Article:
Roland K. Strong

Appointments and Affiliations

Fred Hutchinson Cancer Research Center
Basic Sciences Division
Structural Biology
Full Member, Appointed: 1994
University of Washington
School of Medicine
Joint Affiliate Associate Professor, Appointed: 2003
University of Washington
School of Medicine
Affiliate Professor, Appointed: 1994
Professional Headshot of Roland K. Strong

Mailing Address

Division of Basic Sciences
Mail Stop A3-025
Fred Hutchinson Cancer Research Center
Seattle, Washington 98109
United States


Ph.D., Harvard University, Biophysics, 1990.
B.S., University of Michigan, Biophysics, 1984.

Research Interests

Structural molecular immunology and vaccinology

We use the tools of structural molecular immunology (including biophysical methods such as x-ray crystallography, surface plasmon resonance interaction analysis (Biacore), small angle x-ray scattering, fluorescence and circular dichroism spectroscopy, and analytical ultracentrifugation) to study receptor/ligand interactions mediating immunity; current projects focus on: (1) immunorecognition of siderophores in infections and cancer, (2) AIDS vaccine development and (3) engineering novel immunotherapeutics.

(1) The mammalian protein Siderocalin (Scn, Lipocalin 2), found in neutrophil granules and secreted from a variety of cell types upon induction, specifically recognizes and binds to two families of ferric siderophores: catecholate siderophores, including those from enteric bacteria, and the soluble, mixed-type carboxymycobactins from mycobacteria. [Siderophores are small-molecule, ferric-specific chelators that facilitate microbial iron acquisition.] The best characterized function of Scn is to complement the general anti-bacterial iron-depletion strategy of the innate immune system by sequestering iron, as siderophore complexes, away from invading pathogens. We continue to search for Scn orthologs and strive to fully understand the complex relationship between Scn, bacterial siderophore variation and virulence. Scn has also been implicated in cellular processes unrelated to antibacterial activities, including apoptosis, differentiation and tumorigenesis. We are exploring possible mechanisms and receptor interactions that mediate these pleiotropic activities.

(2) An AIDS vaccine is desperately needed but, in general, the state-of-the-art in vaccine development has not yet achieved the ability to design vaccine immunogens that are capable of eliciting precisely targeted antibody specificities and functionalities, needed for an efficacious AIDS vaccine.  We have pioneered the use of a new approach, ‘reverse vaccinology’ to design an AIDS vaccine, targeting several broadly-neutralizing antibody specificities (4E10, b12), but our efforts highlight the need to fully understand the evolution of antibodies during immune responses, including vaccination, and the precise molecular basis of neutralization.  We are pursuing experiments to both understand how to make improved AIDS vaccine immunogens, by taking antibody evolution into account, and use our existing immunogens to better understand the process of antibody evolution. Novel approaches include using large-scale peptide arrays to assay autoreactivity and polyspecificity.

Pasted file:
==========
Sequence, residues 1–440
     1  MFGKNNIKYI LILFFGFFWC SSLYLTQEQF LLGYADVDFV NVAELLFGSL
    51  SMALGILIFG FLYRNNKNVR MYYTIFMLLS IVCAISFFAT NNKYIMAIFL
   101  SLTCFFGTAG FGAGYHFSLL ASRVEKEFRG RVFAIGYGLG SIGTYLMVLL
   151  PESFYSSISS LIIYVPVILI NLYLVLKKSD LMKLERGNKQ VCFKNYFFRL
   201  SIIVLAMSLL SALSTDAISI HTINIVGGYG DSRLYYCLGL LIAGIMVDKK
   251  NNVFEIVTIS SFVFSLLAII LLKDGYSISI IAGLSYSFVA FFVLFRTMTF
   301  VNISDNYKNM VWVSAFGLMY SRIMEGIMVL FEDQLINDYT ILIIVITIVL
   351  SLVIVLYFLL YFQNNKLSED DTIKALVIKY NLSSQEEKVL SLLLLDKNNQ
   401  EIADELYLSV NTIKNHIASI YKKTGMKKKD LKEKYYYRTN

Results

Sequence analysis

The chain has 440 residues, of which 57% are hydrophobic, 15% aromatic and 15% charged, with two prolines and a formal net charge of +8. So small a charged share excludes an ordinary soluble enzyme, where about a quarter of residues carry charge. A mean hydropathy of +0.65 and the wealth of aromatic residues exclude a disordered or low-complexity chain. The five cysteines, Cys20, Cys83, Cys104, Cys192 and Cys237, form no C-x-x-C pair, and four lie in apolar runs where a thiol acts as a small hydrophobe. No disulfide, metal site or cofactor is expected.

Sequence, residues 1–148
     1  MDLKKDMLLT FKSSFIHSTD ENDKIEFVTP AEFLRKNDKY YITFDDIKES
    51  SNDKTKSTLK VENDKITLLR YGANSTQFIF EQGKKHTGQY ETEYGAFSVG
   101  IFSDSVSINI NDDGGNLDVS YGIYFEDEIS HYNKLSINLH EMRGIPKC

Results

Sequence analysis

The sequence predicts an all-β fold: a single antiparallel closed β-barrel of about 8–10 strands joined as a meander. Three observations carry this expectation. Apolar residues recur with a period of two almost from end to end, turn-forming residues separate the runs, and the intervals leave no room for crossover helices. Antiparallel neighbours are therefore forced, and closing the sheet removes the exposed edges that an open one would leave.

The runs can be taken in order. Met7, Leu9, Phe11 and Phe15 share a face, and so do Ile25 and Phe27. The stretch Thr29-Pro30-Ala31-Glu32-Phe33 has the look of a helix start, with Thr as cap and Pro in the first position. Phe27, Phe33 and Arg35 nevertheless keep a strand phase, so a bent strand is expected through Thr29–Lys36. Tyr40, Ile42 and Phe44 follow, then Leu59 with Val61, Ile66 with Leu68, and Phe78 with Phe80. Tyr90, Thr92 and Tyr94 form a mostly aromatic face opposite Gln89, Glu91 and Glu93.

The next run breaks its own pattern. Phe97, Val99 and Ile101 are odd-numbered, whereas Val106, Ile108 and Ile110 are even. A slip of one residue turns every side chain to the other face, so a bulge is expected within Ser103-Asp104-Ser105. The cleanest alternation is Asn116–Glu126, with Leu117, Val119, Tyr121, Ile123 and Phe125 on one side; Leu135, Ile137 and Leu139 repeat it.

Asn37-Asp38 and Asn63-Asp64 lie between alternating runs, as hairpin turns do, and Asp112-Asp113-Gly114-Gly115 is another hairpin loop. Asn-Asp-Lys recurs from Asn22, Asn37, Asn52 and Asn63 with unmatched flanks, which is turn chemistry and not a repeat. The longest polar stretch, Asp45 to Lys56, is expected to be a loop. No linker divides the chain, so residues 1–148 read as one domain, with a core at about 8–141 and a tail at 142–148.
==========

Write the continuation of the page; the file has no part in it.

(3) Allogeneic hematopoietic cell transplantation (HCT) is an effective therapy for life-threatening, non-malignant disorders of the hematopoietic and immune systems.  However, major limitations of allogeneic HCT in patients with nonmalignant disorders have been host-versus-graft reactions (graft rejection) and immune reactions of donor lymphocytes against host antigens, also called graft-versus-host disease (GVHD), both of which can be fatal. HCT recipients are generally treated with long term immunosuppressive regimens which weakens host immune responses to pathogens, thereby increasing the risk of serious infections – and is not uniformly successful in controlling GVHD. CD28 and CTLA-4 are leukocyte cell-surface costimulatory receptors that profoundly influence the course of immune responses: CD28 magnifies the effects of TCR signaling and enhances both cell cycle progression and T cell survival; CTLA-4 (CD152) provides opposing inhibitory signals.  CD28 and CTLA-4 bind the shared, related ligands B7.1 (CD80) and B7.2 (CD86).  The long-term goal of this project is to develop computationally-redesigned B7-based antagonists and agonists specific for CD28 or CTLA-4 for use as short-term immunotherapeutics in various clinical contexts, initially focusing on the control of host-versus-graft reactions and GVHD following allogeneic HCT. Other targets include therapeutically regulating iron metabolism in various disease contexts by reengineering Scn, related proteins and receptors and developing various antibodies as useful therapeutics or novel research tools.


American Association of Immunologists
NIH College of CSR Reviewers

Honors and Awards

2003, Morley Science Medal, Western Reserve Academy
1992-1994, Postdoctoral Fellowship, American Cancer Society

Previous Positions

1990-1994, Postdoctoral Fellow, California Institute of Technology


Recent Publications

Ruiz M, Ganfornina MD, Correnti C, Strong RK, Sanchez D.  2013.  Ligand binding-dependent functions of the lipocalin NLaz: an in vivo study in Drosophila.. FASEB journal : official publication of the Federation of American Societies for Experimental Biology. Abstract

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